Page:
Human Rights Watch (Washington, DC)
New York, October 2, 2013
We write to highlight the alarming human rights situation in eastern Democratic Republic of Congo and ask that you use your visit to the region to help end human rights abuses and impunity for the worst crimes.
For the past year and a half, the Rwandan-backed M23 armed group has summarily executed and raped scores of civilians in eastern Congo, and forcibly recruited men and boys to join its ranks. Those who have spoken out against the M23's abuses have been threatened or killed. Women remain at risk of sexual violence. A woman from Rutshuru told Human Rights Watch researchers just this week how she was raped by an M23 fighter who said to her: "We also had wives, but they stayed in Rwanda. So that's why we rape you." After the woman was raped, the fighter shot her twice in both thighs. A man accused of "collaborating with the enemy" said he and other prisoners were detained in tiny cells crawling with insects, beaten, and forced to stand in human waste while M23 officers poured urine on them.
The M23 is led by some of Congo's most notorious war crimes suspects. In the past the Congolese government has granted them amnesties or offered them senior ranks in the army, sending the message that killing and raping would be rewarded with power and wealth. This time, the government has stated that M23 leaders responsible for serious abuses will not be integrated.
Like other abusive armed groups in eastern Congo in the past, the M23 since its inception has received significant military support from Rwanda, including the deployment of Rwandan army troops to Congo to fight alongside them; weapons, ammunition, and other supplies; training for new M23 recruits; and the forcible recruitment of men and boys in Rwanda, who were then sent across the border to fight for the M23.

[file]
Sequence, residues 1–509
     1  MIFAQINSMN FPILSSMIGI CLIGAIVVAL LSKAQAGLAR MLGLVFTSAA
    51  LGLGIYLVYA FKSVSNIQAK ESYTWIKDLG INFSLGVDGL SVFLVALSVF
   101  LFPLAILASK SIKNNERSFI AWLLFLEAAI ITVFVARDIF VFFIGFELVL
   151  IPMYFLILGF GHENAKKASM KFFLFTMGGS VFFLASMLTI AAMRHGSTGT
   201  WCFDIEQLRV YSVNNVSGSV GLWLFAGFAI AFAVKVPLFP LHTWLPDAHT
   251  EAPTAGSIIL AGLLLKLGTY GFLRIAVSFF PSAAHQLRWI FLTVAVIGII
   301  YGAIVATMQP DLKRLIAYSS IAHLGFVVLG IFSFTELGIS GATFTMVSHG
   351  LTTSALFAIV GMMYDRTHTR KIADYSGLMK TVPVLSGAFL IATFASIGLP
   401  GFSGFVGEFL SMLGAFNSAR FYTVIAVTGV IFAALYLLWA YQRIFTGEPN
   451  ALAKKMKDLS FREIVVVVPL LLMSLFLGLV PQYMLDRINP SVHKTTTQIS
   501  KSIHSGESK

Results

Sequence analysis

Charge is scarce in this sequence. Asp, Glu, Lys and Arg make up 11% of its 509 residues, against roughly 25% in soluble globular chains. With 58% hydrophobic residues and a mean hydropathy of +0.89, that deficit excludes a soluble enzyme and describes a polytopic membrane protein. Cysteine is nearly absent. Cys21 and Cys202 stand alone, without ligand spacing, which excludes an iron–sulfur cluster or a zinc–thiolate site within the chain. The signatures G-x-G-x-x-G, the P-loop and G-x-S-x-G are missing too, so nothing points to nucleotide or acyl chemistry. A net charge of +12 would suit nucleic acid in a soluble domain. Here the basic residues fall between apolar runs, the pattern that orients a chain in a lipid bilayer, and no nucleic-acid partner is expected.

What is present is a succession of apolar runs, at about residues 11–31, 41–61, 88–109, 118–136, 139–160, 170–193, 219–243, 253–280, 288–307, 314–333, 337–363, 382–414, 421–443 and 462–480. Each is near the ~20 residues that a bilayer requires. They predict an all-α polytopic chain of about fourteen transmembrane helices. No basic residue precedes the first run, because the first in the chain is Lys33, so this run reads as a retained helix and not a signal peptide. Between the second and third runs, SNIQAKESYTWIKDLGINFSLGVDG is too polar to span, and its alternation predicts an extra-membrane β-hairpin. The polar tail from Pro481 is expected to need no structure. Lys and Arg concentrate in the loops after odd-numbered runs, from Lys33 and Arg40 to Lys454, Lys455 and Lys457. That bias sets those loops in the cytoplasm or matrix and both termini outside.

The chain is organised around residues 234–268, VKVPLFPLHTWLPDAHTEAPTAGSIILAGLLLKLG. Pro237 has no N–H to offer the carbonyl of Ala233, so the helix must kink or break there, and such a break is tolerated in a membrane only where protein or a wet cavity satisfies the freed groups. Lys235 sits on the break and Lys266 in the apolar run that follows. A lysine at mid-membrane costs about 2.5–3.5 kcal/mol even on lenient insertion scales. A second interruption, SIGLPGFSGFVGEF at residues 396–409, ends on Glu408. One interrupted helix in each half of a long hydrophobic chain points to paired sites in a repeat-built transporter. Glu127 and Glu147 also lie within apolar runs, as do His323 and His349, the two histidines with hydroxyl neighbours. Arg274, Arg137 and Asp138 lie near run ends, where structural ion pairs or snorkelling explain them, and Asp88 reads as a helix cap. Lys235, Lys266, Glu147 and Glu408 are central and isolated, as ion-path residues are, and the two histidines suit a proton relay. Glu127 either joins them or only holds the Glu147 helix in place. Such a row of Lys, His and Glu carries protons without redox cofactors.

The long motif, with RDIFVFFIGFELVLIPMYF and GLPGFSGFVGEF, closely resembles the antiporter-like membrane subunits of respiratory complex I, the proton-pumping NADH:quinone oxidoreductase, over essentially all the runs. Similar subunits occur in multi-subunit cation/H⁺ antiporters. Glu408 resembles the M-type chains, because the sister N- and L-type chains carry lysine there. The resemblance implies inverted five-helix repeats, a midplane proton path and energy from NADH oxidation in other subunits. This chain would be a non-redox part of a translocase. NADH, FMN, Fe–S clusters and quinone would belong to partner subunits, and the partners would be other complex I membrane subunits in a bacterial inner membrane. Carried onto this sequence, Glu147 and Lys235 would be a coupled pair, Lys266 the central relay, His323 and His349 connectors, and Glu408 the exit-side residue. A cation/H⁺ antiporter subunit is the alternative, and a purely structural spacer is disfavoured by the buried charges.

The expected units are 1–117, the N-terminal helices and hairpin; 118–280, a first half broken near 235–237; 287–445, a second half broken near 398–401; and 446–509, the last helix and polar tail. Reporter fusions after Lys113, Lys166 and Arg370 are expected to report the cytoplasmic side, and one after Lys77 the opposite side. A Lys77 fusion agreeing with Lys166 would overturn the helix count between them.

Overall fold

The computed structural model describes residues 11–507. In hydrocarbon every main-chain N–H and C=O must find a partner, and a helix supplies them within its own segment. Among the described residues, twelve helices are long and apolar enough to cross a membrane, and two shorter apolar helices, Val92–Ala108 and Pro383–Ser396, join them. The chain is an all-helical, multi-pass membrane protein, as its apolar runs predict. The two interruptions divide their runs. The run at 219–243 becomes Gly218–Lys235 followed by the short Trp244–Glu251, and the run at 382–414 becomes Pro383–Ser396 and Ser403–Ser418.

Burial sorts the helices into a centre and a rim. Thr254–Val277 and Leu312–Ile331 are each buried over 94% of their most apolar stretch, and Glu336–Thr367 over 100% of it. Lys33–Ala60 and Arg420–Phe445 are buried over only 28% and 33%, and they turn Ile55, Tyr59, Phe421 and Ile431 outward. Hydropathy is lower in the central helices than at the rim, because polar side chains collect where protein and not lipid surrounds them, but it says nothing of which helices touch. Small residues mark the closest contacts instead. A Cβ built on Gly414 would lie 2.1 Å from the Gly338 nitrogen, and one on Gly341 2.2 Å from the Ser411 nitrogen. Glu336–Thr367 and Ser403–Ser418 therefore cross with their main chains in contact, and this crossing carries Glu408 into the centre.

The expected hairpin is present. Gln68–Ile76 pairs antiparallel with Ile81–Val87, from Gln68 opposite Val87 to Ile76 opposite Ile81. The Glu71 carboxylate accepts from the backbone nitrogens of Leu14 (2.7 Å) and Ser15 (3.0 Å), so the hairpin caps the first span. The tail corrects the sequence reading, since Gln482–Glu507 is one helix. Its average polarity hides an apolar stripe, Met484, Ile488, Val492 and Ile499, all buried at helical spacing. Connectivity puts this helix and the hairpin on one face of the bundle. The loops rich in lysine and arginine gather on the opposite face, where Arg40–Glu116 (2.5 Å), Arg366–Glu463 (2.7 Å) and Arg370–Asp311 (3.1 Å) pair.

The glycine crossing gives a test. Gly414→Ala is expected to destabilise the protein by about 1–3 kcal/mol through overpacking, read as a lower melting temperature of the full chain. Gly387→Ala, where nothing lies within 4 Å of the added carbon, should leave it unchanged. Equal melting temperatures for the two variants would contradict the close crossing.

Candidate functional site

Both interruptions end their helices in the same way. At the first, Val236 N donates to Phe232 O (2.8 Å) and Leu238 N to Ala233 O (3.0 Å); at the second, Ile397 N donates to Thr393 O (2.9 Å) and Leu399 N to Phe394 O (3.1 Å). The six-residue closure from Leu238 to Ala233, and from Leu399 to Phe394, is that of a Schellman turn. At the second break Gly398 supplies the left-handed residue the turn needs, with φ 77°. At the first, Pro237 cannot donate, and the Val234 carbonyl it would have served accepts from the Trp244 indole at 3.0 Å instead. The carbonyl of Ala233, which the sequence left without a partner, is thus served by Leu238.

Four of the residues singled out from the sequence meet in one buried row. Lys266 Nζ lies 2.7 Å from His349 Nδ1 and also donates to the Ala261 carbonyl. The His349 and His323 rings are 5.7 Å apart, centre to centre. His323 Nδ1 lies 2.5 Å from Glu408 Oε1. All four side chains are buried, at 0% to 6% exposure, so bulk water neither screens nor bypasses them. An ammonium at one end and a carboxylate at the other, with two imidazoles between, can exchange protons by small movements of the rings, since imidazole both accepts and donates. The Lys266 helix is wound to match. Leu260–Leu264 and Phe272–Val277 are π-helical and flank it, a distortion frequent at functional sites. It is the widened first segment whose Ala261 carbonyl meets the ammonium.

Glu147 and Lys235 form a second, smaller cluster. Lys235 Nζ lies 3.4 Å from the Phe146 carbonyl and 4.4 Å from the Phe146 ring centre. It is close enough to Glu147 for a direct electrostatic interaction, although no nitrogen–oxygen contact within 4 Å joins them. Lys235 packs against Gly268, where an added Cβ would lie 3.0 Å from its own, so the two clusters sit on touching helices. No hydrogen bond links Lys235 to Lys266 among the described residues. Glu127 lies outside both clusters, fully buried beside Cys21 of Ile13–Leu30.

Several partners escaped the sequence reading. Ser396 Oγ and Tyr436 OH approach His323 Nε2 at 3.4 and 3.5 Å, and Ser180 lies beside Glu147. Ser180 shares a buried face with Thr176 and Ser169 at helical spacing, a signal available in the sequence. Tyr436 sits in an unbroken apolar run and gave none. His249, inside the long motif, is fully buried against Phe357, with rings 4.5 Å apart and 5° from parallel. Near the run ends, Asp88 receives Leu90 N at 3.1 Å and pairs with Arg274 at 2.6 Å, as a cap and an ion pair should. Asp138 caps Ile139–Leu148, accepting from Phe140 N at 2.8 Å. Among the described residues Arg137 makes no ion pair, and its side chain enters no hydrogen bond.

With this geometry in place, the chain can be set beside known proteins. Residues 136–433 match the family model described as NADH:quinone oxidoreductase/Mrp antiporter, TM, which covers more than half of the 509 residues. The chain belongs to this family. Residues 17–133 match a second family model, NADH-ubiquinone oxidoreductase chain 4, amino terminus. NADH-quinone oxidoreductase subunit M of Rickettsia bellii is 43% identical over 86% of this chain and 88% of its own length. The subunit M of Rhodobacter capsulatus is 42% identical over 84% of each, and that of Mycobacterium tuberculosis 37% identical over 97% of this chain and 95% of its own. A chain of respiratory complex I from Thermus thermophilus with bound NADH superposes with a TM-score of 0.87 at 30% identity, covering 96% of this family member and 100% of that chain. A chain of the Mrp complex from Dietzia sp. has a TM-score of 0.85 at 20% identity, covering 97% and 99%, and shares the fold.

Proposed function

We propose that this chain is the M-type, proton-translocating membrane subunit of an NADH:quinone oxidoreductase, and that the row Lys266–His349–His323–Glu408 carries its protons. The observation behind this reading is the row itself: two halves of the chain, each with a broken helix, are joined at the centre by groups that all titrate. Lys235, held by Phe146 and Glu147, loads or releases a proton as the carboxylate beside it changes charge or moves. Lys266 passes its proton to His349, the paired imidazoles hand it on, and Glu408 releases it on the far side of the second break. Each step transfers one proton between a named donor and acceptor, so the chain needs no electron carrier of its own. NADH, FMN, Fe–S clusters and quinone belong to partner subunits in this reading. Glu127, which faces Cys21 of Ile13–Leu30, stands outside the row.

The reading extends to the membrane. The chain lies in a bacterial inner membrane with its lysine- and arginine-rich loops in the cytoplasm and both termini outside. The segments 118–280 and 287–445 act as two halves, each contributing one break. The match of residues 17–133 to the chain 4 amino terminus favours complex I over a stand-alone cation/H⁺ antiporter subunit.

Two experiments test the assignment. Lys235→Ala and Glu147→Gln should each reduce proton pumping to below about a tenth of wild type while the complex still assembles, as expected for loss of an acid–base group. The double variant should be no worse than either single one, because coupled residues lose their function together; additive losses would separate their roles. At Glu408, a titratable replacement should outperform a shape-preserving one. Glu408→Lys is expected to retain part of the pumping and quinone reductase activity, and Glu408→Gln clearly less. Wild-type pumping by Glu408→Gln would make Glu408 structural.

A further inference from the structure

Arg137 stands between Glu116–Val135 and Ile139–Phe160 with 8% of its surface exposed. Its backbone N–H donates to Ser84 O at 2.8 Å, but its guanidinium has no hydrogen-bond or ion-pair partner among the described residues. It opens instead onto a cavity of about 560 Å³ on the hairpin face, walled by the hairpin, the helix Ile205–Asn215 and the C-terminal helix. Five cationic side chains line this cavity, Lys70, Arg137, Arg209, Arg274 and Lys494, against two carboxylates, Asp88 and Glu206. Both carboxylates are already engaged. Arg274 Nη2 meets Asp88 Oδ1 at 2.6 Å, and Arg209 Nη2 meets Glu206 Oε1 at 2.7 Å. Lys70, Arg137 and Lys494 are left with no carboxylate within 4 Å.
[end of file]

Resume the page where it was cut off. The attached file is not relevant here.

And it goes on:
Our research indicates that Rwandan support continues. Throughout September, Human Rights Watch received credible accounts from witnesses near the border that armed troops and recruits from Rwanda were moving to Congo to support the M23. The M23 today probably has no more than several hundred Congolese fighters, but it will remain a significant threat to Congolese civilians as long as Rwanda provides military support.
The Congolese army has also been responsible for serious abuses. As soldiers fled the M23's advance on Goma in November 2012, they went on a rampage, raping at least 76 women and girls in and around the town of Minova, South Kivu. In the town of Kitchanga, North Kivu, soldiers from the 812th Regiment, allied with a Tutsi militia they had armed, clashed with a primarily ethnic Hunde armed group from February 27 to March 4, 2013. At least 25 civilians died in the fighting. Most of the civilians killed were Hunde, and many appear to have been targeted by army soldiers because of their ethnicity. To date, no senior army officers have been arrested or prosecuted for these abuses.
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